Quip, Ex-Facebook CTO Bret Taylor’s New Word Processing App, Now Supports French, German, Italian And Spanish

Quip, the mobile-first iOS and Android word processing app, spent many months in stealth mode as its creators, Bret Taylor (ex-Facebook CTO) and Kevin Gibbs (father of Google Apps Engine) built and polished the app for a debut at the end of July. But when it’s come to international expansion, the developers have wasted little time. Today, Quip is announcing its first moves into international markets, specifically Europe, with native language support extended to French, German, Italian and Spanish. Taylor tells TechCrunch that they expect to add several more languages, with a specific focus on Chinese, “as quickly as possible.” (Update: it’s live now.) The markets where mobile is rapidly becoming the primary platform for people to go online are a key target for Quip.

(As background, for those who are not familiar with Quip, Josh gives a great overview and review of it here. The essence is that this is an app bucks against the literal and figurative impulse for desktop virtualization on mobile devices, and instead rethinks how phones and tablets can be used better than computers with keyboards to create, edit and collaborate on texts. That means online and offline synchronization; and a lot more interactivity, with the ability to turn notes into lists and eventually to send push notifications to users for specific document alerts.)

Somewhat uniquely in a market that seems to dictate a dichotomy in app development, Quip is aimed at both enterprises and consumers, with consumer usage free and $12 per user per month for businesses. It is available as a desktop app, an iOS app and (in preview) as an Android app.

On the occasion of the international debut, I took the opportunity to ask Taylor a little bit about how the first three weeks of the product launch has been, and about what the company’s future plans will be.

He says that the consumer aspect of the business model may not drive revenues in the way that the enterprise channel does, but what it does it provide a “feedback loop”. “What we are trying to do is have consumer product credibility with that feedback loop,” he told me. “We want it to feel like that and fast and simple not be bloated with features you don’t use.” And this, he says, goes directly into why Quip is targeting international users so quickly.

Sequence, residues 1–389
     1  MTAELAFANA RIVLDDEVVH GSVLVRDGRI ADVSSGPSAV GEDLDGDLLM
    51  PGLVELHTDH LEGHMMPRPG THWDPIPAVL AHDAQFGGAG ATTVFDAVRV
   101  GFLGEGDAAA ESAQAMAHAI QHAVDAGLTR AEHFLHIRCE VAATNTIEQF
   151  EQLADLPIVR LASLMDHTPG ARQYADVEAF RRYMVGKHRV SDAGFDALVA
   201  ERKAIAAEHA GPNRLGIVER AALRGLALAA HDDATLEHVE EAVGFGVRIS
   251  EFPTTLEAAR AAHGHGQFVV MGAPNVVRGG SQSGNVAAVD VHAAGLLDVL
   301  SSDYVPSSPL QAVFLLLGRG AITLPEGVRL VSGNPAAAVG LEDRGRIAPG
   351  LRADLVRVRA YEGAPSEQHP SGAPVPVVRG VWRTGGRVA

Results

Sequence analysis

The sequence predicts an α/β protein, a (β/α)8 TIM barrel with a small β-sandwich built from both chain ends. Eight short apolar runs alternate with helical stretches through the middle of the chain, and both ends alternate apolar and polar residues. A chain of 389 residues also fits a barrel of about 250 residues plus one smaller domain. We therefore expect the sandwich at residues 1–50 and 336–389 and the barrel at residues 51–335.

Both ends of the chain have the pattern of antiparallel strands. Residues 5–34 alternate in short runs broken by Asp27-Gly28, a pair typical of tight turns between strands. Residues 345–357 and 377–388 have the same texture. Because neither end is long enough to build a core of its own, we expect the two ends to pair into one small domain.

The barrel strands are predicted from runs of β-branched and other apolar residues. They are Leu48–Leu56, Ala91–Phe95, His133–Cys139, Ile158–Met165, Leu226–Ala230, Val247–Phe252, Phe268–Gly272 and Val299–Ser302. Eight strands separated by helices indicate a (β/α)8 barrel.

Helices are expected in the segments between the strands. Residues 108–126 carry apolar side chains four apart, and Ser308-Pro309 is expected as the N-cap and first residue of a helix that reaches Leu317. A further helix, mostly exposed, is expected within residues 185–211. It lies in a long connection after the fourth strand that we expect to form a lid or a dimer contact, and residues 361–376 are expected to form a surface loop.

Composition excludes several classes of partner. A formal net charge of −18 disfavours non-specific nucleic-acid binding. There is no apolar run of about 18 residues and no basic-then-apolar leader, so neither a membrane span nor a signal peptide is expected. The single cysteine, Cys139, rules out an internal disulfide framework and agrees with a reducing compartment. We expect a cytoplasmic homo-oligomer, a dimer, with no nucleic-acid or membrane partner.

These are the markets where mobile is, perhaps, even more essential than it is in markets like the U.S., since in countries like China the smartphone or tablet is often the only device a consumer has to get online. Launching quickly in these markets is about getting responses from users in all the markets where it would like to grow, as early as possible, so that this can be used in product development. “We plan on localizing in a number of languages,” he told me.

Interestingly, this may see some changes in the product sooner rather than later. So far, Taylor says the pattern with Quip has been that people are using the desktop version to compose their documents, and then using smartphone or tablet devices to edit them. In markets where there may not be so many devices with keyboards, Quip may end up needing to make input on smaller and touchscreen devices significantly easier.

“So far what we’ve seen is that composition is still happening on laptops rather than other platforms,” he says. “Messaging is happening on phones. People will see and reach out on phones. Tablets are growing rapidly.”

He also notes that the most common requests so far are for more functionality to highlight and comment on parts of a document. “A lot of the people who are using and sending us feedback have asked about the mobile and collaboration features. The most common feature request is the ability to highlight and comment on parts of the document and also push notifications.”

One area that he believes will be especially interesting to see evolve is how people use the ability for offline support. For Quip users in developed markets, he says, “They like the idea of using Quip in an airplane for offline support. But in the developing world where internet connectivity can be very spotty, you can edit and use a document whenever you want; then when you can get online it gets synchronized. We still have a lot of learn to how it gets adopted.”